Sunday, 15 February 2015

Music news with Sam Smith

When I was a regular classroom teacher, my favourite time of the day/ week was Current Events.
It was that timetabled but fairly unplanned slot when we'd look at what was going on in the world and have a bit of a chat about what that all meant.

So I thought that this year, I'd try it out with my Year 8 classes.
I call it music news and although it has a planned start, it can end up anywhere.
This week it has mainly been about Sam Smith.


There are a couple of reasons for this.
First, as you can see, he won an armload of Grammys, so that's kinda newsworthy.
Then there's the fact that one of the songs he won a Grammy for was actually written by Tom Petty in 1989.
So that's got us talking too. I play them the recording I linked above and ask them if it's fair that Tom Petty gets a share of the songwriting. I also point out that 12.5% of the the songwriting royalties (which Sam Smith and Tom Petty have agreed to out of court) is not a a big slice of the pie.

But for me, the reason to keep this guy in my Music News section has more to do with his acceptance speech when he thanked the man who he fell in love with and who broke his heart.

Because for a lot of my students, that's a newsflash.

A singer they adore is gay!

I know I'm on dangerous ground here as a primary school teacher but this is an issue that I unashamedly push.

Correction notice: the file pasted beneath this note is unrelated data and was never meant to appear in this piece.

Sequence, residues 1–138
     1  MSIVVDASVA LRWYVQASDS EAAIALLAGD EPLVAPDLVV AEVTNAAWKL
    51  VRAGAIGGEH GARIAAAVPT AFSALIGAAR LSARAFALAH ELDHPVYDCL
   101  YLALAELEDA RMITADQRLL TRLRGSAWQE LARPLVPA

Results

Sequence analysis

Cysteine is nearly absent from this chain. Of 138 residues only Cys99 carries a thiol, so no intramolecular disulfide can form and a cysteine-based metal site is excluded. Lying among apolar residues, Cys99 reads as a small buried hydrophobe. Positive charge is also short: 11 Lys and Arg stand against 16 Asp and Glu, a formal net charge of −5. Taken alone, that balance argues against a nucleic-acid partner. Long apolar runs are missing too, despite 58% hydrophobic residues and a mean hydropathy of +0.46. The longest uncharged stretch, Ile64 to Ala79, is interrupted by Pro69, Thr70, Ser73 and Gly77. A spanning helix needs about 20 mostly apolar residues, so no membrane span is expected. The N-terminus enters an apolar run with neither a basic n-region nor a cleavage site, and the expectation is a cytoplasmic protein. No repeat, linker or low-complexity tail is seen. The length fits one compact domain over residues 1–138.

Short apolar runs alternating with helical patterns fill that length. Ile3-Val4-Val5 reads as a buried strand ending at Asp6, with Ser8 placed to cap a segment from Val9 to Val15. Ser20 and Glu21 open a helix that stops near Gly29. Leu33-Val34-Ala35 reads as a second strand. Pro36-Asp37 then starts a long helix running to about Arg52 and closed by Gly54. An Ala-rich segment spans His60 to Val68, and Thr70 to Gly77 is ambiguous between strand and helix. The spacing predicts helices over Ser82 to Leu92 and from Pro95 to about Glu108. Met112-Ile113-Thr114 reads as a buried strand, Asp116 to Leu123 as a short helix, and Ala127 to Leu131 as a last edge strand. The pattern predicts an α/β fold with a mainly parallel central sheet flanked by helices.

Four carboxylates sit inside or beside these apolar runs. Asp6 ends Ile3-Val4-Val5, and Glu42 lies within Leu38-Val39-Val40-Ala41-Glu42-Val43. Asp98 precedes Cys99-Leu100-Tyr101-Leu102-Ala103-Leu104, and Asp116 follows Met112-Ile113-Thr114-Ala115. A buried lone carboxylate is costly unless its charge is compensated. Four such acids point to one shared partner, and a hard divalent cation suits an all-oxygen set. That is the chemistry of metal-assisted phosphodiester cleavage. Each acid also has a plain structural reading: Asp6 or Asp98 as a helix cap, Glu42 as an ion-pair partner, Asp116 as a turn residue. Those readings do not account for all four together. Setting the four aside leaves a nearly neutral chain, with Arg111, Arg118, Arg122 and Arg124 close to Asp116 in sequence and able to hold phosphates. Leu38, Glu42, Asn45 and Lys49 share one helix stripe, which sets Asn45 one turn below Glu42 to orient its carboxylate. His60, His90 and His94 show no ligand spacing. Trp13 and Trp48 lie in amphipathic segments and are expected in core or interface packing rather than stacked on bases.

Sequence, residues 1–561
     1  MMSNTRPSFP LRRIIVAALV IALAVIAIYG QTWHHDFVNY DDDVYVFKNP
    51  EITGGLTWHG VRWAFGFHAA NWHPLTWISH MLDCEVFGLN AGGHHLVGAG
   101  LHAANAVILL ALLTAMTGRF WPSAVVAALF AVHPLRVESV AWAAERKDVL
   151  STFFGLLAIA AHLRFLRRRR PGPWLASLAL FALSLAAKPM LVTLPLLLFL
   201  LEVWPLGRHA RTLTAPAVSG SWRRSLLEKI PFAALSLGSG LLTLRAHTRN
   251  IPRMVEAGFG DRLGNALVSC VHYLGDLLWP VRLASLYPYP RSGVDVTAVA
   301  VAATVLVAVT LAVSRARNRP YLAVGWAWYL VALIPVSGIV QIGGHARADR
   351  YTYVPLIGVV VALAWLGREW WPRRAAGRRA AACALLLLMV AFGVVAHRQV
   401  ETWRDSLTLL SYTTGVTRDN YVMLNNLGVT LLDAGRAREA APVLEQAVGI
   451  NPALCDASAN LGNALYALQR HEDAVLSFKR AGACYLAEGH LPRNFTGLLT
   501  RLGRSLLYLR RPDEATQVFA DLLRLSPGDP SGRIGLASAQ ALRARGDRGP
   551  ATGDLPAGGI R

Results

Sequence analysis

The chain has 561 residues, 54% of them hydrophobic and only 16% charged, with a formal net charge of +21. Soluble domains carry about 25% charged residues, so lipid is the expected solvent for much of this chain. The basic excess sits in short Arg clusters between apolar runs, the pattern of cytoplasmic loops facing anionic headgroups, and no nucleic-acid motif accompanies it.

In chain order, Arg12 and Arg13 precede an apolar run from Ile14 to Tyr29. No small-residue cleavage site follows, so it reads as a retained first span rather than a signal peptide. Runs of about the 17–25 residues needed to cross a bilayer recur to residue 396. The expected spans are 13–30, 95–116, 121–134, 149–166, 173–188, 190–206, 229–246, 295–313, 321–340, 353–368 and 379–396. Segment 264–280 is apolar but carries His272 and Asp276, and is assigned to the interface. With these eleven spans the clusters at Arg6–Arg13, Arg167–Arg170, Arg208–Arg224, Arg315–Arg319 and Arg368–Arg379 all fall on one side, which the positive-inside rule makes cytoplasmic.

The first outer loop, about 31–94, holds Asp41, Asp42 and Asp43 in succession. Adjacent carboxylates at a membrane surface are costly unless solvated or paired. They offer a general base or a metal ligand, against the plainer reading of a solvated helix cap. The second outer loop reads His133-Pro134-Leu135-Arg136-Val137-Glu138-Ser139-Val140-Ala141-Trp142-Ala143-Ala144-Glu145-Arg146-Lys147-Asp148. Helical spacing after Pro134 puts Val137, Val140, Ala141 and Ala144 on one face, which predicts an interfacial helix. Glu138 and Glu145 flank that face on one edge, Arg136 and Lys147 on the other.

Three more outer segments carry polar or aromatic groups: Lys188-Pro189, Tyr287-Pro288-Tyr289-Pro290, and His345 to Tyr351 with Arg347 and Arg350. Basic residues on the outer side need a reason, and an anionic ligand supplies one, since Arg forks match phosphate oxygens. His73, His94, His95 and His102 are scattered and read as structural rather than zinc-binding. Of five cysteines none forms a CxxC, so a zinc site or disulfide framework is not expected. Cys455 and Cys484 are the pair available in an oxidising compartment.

If a student wants to down-vote an artist on our Cool Wall "because they're gay", as often happens I'm going to challenge their thinking on that with "Tell me what you mean by gay?"
Normally the student means gay as in crap and uncool.
Which I understand but wont accept because it's lazy and insulting.
I'll ask for a better description of the artist.

On occasions, a student has gone for the more literal "I don't like him because he likes men" argument and I've seen their classmates shoot that argument down. Which was great. And it's great that we're talking about it at this age.

But there is a long way to go. Out and proud genuine pop stars like Sam Smith are still a rarity.

Elton John, George Michael and Freddie Mercury ran a flamboyant campaign for decades before declaring their sexuality, once and for all,  in the twilight of their careers (and in Freddie's case, life).

Morrissey and Michael Stipe both ran interference by being obtuse and/or enigmatic with the media because while flirting with the idea of being gay was good for sales, actually coming out risked bursting the bubble.

The few out and proud acts from the Village People to Scissor Sister, have been left with camp disco as their genre and niche.

So I like Sam Smith, not only for his music but because as a gay soul singer, he's teaching some kids a little about tolerance.

And I won't back down.





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